Where should cleantech investment dollars go – toward research and development into new, possibly game-changing renewable energy technologies, or into ramping up the technologies that we have now? Companies and governments face this question all the time, and in 2012 the answer tilted just a bit more toward R&D.
The latest annual “Global Trends in Renewable Energy Investment” report to the U.N. shows total investment in renewable power and fuels was $244 billion in 2012, down 12 percent from 2011’s record-setting $279 billion. (Bloomberg New Energy Finance put the number at $268.7 billion, down 12 percent.) R&D didn’t go crazy, but it did buck the trend, rising 1 percent to $9.6 billion.
This total was evenly split between corporate R&D and government R&D and in one sense the government spending was impressive: Various green stimulus programs that were hatched in the wake of the Great Recession have wound down, yet R&D was up 3 percent. But stepping back a little further historically, the report noted that “R&D spending by OECD governments as a proportion of GDP is scarcely a quarter of its level 30 years ago according to the International Energy Agency.”
So where was the R&D directed in 2012? In these sectors, the report said:
- Solar continued to dominate, claiming a fraction over half (51%) of all research dollars spent, despite a 1% fall to $4.9 billion. R&D efforts focussed on improving the energy output of PV cells and the efficiency of production processes.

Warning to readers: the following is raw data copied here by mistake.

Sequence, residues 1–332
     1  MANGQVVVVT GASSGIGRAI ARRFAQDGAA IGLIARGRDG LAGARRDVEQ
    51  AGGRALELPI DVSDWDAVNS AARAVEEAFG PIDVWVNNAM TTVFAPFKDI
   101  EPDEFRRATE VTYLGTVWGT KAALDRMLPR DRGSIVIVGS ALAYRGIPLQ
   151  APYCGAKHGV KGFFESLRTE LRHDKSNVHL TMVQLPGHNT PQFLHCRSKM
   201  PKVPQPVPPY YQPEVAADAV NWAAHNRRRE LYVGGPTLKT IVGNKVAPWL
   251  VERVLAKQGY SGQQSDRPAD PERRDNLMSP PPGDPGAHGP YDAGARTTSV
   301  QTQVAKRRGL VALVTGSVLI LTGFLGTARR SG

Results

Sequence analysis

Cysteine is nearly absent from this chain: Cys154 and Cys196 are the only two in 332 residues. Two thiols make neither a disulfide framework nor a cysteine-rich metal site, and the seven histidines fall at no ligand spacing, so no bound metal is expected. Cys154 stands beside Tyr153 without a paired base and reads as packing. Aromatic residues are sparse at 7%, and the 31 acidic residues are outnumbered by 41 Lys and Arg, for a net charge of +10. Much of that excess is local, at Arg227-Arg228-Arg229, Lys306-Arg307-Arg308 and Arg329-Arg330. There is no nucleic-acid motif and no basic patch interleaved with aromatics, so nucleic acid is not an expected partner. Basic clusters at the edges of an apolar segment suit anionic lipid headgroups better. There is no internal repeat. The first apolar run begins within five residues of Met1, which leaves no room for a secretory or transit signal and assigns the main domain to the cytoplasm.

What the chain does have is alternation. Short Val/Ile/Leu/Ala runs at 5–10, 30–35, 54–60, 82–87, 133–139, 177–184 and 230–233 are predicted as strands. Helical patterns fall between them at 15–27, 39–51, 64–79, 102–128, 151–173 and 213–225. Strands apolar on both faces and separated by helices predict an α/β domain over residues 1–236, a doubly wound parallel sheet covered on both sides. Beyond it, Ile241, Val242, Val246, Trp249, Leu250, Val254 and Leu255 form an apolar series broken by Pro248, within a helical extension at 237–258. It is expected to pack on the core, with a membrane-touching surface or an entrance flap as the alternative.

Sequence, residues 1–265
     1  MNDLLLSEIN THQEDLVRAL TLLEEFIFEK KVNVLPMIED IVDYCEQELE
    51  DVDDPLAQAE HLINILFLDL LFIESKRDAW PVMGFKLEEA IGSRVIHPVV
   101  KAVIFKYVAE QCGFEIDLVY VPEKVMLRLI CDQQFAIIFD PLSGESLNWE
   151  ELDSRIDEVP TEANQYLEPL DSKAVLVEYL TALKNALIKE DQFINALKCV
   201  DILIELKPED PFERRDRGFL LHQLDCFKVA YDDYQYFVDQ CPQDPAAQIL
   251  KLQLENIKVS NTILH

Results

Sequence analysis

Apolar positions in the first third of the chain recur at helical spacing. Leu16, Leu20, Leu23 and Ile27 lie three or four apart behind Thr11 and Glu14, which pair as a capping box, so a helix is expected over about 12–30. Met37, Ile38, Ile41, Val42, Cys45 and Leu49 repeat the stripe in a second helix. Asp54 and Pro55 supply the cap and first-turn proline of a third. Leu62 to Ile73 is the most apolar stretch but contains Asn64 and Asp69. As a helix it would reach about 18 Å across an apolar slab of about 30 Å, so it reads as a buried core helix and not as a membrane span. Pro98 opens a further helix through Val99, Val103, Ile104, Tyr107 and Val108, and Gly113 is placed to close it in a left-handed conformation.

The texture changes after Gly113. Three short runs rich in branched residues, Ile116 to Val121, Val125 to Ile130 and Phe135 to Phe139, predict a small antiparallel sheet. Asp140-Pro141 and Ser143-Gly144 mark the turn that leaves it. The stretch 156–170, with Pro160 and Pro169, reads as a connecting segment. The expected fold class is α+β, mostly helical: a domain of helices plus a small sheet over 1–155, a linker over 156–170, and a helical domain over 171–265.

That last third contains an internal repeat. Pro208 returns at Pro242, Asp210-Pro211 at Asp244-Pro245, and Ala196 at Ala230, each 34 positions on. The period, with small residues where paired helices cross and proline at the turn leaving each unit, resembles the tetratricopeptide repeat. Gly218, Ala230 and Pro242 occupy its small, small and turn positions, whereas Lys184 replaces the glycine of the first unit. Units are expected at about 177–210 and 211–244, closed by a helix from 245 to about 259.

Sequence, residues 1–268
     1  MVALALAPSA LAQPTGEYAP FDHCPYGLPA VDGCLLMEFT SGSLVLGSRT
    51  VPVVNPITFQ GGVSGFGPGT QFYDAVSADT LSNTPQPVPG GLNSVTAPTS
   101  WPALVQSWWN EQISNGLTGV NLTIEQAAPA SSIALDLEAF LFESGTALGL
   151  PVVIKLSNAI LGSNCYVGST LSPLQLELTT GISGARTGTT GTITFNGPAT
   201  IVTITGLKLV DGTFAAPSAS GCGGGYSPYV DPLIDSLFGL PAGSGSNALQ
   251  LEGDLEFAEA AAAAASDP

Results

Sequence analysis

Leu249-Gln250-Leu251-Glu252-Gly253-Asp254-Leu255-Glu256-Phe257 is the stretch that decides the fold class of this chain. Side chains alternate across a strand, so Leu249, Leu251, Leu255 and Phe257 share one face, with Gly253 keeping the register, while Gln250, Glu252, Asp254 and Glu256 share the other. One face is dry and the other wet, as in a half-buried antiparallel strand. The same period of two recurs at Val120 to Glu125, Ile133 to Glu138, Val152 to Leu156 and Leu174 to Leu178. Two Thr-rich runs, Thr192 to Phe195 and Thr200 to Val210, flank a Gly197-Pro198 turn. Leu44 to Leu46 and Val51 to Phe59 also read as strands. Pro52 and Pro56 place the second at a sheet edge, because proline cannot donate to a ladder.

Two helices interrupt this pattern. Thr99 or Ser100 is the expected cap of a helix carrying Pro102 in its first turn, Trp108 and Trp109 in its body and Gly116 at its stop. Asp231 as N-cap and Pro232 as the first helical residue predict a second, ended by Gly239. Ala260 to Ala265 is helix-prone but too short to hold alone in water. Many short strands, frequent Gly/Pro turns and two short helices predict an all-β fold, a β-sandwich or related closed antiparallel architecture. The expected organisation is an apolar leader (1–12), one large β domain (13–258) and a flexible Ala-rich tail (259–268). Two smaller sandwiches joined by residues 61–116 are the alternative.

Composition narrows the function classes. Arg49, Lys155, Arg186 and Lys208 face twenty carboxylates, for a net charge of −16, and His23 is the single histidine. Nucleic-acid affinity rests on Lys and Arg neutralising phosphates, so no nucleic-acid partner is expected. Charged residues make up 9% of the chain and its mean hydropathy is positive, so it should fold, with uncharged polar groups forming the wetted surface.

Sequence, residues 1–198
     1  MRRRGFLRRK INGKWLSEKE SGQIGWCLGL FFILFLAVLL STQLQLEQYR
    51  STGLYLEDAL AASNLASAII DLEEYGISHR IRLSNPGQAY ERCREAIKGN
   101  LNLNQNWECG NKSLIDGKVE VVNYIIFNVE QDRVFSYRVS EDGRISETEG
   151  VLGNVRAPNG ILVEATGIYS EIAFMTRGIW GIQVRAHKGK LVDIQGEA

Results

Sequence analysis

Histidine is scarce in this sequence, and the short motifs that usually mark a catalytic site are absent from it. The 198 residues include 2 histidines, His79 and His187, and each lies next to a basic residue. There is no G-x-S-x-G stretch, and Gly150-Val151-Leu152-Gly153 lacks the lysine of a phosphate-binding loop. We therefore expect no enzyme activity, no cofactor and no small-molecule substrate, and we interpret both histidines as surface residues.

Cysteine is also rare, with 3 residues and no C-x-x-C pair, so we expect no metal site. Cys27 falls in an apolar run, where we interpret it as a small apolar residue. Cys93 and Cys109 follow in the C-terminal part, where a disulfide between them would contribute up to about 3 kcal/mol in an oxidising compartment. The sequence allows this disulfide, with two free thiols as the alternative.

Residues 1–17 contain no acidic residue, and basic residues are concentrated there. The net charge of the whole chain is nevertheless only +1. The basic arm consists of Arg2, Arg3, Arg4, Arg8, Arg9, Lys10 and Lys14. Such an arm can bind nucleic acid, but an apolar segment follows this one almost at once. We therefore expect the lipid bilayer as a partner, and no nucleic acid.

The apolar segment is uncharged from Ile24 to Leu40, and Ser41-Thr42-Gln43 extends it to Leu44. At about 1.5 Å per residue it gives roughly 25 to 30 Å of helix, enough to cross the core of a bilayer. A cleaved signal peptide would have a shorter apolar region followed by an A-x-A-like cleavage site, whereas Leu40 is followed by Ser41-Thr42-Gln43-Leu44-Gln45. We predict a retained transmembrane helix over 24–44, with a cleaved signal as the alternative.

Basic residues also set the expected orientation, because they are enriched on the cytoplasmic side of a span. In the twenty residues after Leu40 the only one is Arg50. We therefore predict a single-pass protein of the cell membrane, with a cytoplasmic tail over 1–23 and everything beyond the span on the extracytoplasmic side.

- Wind R&D was up 4% at $1.7 billion, one major focus being the quest to reduce the cost of offshore development.
- Biofuels R&D was up 2% at $1.7 billion, much of it going on next-generation technologies like cellulosic ethanol, Fischer-Tropsch biodiesel and algal oil.
Solar R&D investment remained steady despite the dismal state of the manufacturing sector amid vast overcapacity; in explanation, the report said “in such conditions, the need to raise the efficiency of solar technologies and cut production costs yet further became existential.”
On wind, the focus was largely offshore: “One of the industry’s major preoccupations, as offshore wind development gathers pace, is to reduce the cost of offshore turbine foundations and develop new concepts for use in deeper water further offshore where the winds are stronger,” the report said.
With biofuels, the reported noted the that the U.S. – the world’s biggest biofuel market – the continuing battle over the renewable fuel standard that buoys the sector. “The removal of the target would destroy the entire market, and with it any incentive for companies to invest in further R&D,” the report said. “If the target is simply scaled back to more realistic levels, however, it might provide a more stable framework.”
The full report, “Global Trends in Renewable Energy Investment 2013,” is available for download with free registration on the Frankfurt School UNEP COllaborating Centre for Climate & Sustainable Energy Finance.